2. “Upon the filing of an initial motion or request for stay of removal or deportation, the order of removal or deportation is temporarily stayed until further order of the Court.” Ninth Circuit General Order 6.4(c)(1).
3. We have discretion to take judicial notice of documents “not subject to reasonable dispute.” Fed. R. Evid. 201(b). And we “may take notice of proceedings in other courts, both within and without the federal judicial system, if those proceedings have a direct relation to matters at issue.” Trigueros v. Adams, 658 F.3d 983, 987 (9th Cir. 2011) (quoting United States ex rel. Robinson Rancheria Citizens Council v. Borneo, Inc., 971 F.2d 244, 248 (9th Cir. 1992)). Accordingly, we grant Hernandez Avilez's motion to take judicial notice of documents clarifying the status of her immigration case and related Ninth Circuit petition for review.In August 2021, the BIA granted Hernandez Avilez's motion to reopen. As a result, Hernandez Avilez filed a motion to voluntarily dismiss her petition for review, and on September 22, 2021, we granted her motion. Her reopened removal proceedings remain pending before the immigration court.
4. Hernandez Avilez, who is transgender, also argued that her detention violated substantive due process because ICE refused to provide her with gender-affirming care. The district court dismissed this claim after Hernandez Avilez began receiving such care. Hernandez Avilez's substantive due process claim is not at issue on appeal.
5. By the time of the bond hearing, Hernandez Avilez had been detained for seventeen months.
6. Although these statutes refer to the Attorney General's authority to detain noncitizens in immigration proceedings, the statutes predate the creation of the Department of Homeland Security. This authority now resides with the Secretary of Homeland Security. See 6 U.S.C. § 251(2).
7. Section 1225(b) grants the Government authority to detain noncitizens who arrive or are present in the United States but who “ha[ve] not been admitted.” 8 U.S.C. § 1225(b); see also Jennings, 138 S. Ct. at 836–37 (describing the subsection's scope). Although Section 1225(b) is an important part of Congress's detention scheme, this opinion concerns only “admitted” noncitizens. Accordingly, any reference to noncitizens in this opinion refers only to individuals who have been “admitted” to the United States—and the detention statutes which authorize their detention—not applicants for admission.
8. Section 1226(a) and (b) state:(a) Arrest, detention, and releaseOn a warrant issued by the Attorney General, an alien may be arrested and detained pending a decision on whether the alien is to be removed from the United States. Except as provided in subsection (c) and pending such decision, the Attorney General—(1) may continue to detain the arrested alien; and(2) may release the alien on—(A) bond of at least $1,500 with security approved by, and containing conditions prescribed by, the Attorney General; or(B) conditional parole; but(3) may not provide the alien with work authorization (including an “employment authorized” endorsement or other appropriate work permit), unless the alien is lawfully admitted for permanent residence or otherwise would (without regard to removal proceedings) be provided such authorization.(b) Revocation of bond or paroleThe Attorney General at any time may revoke a bond or parole authorized under subsection (a), rearrest the alien under the original warrant, and detain the alien.8 U.S.C. § 1226(a)–(b).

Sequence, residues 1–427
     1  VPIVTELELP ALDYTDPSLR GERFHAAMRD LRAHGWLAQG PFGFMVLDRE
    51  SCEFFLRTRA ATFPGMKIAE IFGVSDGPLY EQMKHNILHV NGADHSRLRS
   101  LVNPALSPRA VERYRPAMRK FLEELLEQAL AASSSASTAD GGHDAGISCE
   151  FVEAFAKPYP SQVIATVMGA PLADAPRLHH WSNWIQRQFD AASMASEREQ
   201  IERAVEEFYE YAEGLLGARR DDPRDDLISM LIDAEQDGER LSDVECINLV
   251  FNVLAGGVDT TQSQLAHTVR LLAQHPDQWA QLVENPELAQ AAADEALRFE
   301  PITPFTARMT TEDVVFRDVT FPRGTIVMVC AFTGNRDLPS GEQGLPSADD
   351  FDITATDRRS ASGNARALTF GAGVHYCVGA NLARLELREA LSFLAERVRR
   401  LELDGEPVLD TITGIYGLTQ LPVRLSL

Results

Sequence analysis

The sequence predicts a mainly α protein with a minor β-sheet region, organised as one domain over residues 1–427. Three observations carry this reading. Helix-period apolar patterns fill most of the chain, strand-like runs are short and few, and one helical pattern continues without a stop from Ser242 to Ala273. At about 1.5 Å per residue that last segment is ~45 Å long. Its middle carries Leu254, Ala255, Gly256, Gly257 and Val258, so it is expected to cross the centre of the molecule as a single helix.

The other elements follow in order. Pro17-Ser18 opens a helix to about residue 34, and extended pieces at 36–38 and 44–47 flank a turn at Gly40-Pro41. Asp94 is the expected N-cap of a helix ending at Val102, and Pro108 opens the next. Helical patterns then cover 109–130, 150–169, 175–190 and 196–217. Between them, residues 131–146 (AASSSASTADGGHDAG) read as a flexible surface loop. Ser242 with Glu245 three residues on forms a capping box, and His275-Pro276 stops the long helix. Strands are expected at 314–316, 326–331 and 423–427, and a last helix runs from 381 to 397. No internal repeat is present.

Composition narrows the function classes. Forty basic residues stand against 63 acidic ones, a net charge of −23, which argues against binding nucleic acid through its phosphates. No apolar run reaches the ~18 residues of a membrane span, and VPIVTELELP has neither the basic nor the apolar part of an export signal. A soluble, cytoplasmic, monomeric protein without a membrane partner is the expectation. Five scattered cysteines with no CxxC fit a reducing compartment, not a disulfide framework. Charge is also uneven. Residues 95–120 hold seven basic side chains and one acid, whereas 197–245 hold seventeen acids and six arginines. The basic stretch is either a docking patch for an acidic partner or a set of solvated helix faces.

9. Section 1226(c) states:(c) Detention of criminal aliens(1) CustodyThe Attorney General shall take into custody any alien who—(A) is inadmissible by reason of having committed any offense covered in section 1182(a)(2) of this title,(B) is deportable by reason of having committed any offense covered in section 1227(a)(2)(A)(ii), (A)(iii), (B), (C), or (D) of this title,(C) is deportable under section 1227(a)(2)(A)(i) of this title on the basis of an offense for which the alien has been sentenced to a term of imprisonment of at least 1 year, or(D) is inadmissible under section 1182(a)(3)(B) of this title or deportable under section 1227(a)(4)(B) of this title,when the alien is released, without regard to whether the alien is released on parole, supervised release, or probation, and without regard to whether the alien may be arrested or imprisoned again for the same offense.(2) ReleaseThe Attorney General may release an alien described in paragraph (1) only if the Attorney General decides pursuant to section 3521 of Title 18 that release of the alien from custody is necessary to provide protection to a witness, a potential witness, a person cooperating with an investigation into major criminal activity, or an immediate family member or close associate of a witness, potential witness, or person cooperating with such an investigation, and the alien satisfies the Attorney General that the alien will not pose a danger to the safety of other persons or of property and is likely to appear for any scheduled proceeding. A decision relating to such release shall take place in accordance with a procedure that considers the severity of the offense committed by the alien.8 U.S.C. § 1226(c).
10. After the 90-day period, the Government may continue detaining noncitizens under Section 1231(a) for “a period reasonably necessary to secure removal.” See Zadvydas v. Davis, 533 U.S. 678, 699–701, 121 S.Ct. 2491, 150 L.Ed.2d 653 (2001) (holding that the Government's detention authority under Section 1231(a) is authorized for “a period reasonably necessary to secure removal”); cf. Johnson v. Arteaga-Martinez, ––– U.S. ––––, 142 S.Ct. 1827, 213 L.Ed.2d 125 (2022) (holding that § 1231(a)(6) cannot be read to require a bond hearing after six months of detention but that the text of the statute gives the Government discretion to provide bond hearings).